Cranberries and the City— In Spring (left), the cranberry bog is an imprinted plane of vegetation, while in Fall (right) the plane is flooded red and harvested amidst daily urban practices.
From agriculture, urban development to the tossed salad landscape.
What incentives can we offer developers to build viable and place-specific agricultural land in exchange for bonus density?
Apple Lot: Spaces of transition, like parking lots, can support food production and shade vehicles. The regularity of orchard planting complements the orderlieness of parked cars.
Pumpkins vs. Mow-n-blow: Do we want to pay to irrigate and mow lawns in parks and other public amenity spaces or use that money and space to grow food?

Tossed Salad

The Thin Green Line that defines the Agricultural Land Reserve (ALR) is a boundary that frames our attempts to mitigate growth, preserve arable land and maintain an agrarian landscape character in municipalities undergoing a massive transformation from rural to urban form. The ALR boundary establishes a wonderful edge in many places – a stark contrast between land uses, reinforced by the ‘boundary’ landscape, a place to observe from the safety of the edge.

In other areas however, the boundary is pockmarked by odd and incongruous land uses: big-box religion, surrounded by acres of occasionally used parking, is acceptable in the ALR; the placeless fake landscapes of golf courses – one of the worst offenders of chemical pollution – are permitted. Monster homes, often built cheaply and without any vernacular context, effectively suburbanize the ALR. There is a great irony in the acceptability of land use types that contradict the intentions of the policy, erode the viability of the agricultural resource and ultimately make the Thin Green Line meaningless.

Rather than making a futile attempt to reinforce this boundary, our proposal is to find opportunities to integrate seemingly incompatible agricultural uses on the other side of the line, to seek out the lost space in suburban sprawl that pushes up against the ALR, and propose a reciprocal response to the interlopers in the agrarian landscape. We propose to study the boundary as it exists in Richmond where the latent opportunities to interlope into lost space are abundant, and where the opportunity to demonstrate possible compatibilities (in a place where agrarian traditions meet the new phenomenon of Asian cuisine) and a new landscape vernacular is most potent. Our hopes are that the edge of the ALR becomes a transect, not a boundary, and begins to influence the built form and character of urban development deeper within the urban areas of our cities.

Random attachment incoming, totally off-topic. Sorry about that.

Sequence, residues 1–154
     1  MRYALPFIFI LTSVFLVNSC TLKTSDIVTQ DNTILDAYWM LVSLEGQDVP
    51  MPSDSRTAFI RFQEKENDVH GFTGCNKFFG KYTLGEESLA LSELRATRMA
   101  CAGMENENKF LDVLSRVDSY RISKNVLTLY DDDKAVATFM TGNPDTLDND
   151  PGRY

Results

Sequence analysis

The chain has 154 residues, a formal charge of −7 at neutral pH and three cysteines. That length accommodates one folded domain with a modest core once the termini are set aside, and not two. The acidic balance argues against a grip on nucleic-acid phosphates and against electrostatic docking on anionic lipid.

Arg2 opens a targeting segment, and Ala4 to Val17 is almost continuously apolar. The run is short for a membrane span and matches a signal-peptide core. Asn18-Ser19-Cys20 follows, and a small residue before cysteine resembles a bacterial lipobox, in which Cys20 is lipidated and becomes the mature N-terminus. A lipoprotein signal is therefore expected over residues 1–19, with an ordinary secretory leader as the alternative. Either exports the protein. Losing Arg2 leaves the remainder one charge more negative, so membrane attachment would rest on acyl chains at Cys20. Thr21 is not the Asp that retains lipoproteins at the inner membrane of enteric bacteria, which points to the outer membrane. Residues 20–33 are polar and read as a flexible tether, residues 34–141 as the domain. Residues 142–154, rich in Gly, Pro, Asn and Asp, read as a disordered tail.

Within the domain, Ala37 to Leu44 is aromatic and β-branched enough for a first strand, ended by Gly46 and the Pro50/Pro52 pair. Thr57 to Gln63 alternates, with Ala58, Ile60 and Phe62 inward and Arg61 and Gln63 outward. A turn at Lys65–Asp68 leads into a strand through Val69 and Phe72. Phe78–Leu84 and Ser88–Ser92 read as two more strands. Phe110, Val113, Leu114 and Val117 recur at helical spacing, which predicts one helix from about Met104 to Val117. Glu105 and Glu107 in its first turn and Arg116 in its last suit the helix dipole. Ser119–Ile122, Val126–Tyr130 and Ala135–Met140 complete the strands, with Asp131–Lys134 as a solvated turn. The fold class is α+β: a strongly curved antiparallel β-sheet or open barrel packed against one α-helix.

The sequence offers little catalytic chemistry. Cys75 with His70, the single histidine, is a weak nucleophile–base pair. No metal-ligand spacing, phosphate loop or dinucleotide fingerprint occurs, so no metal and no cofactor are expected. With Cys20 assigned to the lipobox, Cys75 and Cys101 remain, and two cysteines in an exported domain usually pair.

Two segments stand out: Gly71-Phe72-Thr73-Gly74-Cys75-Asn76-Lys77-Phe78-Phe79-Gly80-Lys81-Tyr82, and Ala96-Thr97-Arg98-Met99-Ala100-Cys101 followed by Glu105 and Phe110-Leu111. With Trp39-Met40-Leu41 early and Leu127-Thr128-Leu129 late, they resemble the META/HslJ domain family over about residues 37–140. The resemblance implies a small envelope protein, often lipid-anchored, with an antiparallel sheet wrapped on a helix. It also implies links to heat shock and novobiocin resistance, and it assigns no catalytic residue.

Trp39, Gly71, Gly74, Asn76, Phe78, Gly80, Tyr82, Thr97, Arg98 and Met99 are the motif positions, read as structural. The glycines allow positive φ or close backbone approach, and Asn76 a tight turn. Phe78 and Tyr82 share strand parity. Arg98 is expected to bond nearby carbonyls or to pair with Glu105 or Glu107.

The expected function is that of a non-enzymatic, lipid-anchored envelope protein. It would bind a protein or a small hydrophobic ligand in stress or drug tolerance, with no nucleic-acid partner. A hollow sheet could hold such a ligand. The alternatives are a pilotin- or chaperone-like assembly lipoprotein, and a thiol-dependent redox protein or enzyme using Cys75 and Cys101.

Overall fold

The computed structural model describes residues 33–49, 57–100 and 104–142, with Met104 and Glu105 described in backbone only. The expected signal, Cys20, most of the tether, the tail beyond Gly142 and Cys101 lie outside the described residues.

Design objectives

-generate economically-viable, agricultural operations within the urban form
-foster a sense of place and cultural identity rooted in an everyday agricultural landscape
-provide space for phytoremediation in areas contiguous to food growing operations



-what incentives can we offer developers to build viable and place-specific agricultural land in exchange for bonus density?
-how do we redesign streets, boulevards or linear parks to be emblematic of the everyday, edible, urban landscape?
-why shouldn’t the public realm be considered an economic asset rather than a maintenance cost?

This entry was posted on March 20, 2012 at 8:09 pm, filed under 04 Propose, Designer, Hapa Collaborative, Involvement, Project process. Bookmark the permalink. Comments are closed, but you can leave a trackback: Trackback URL.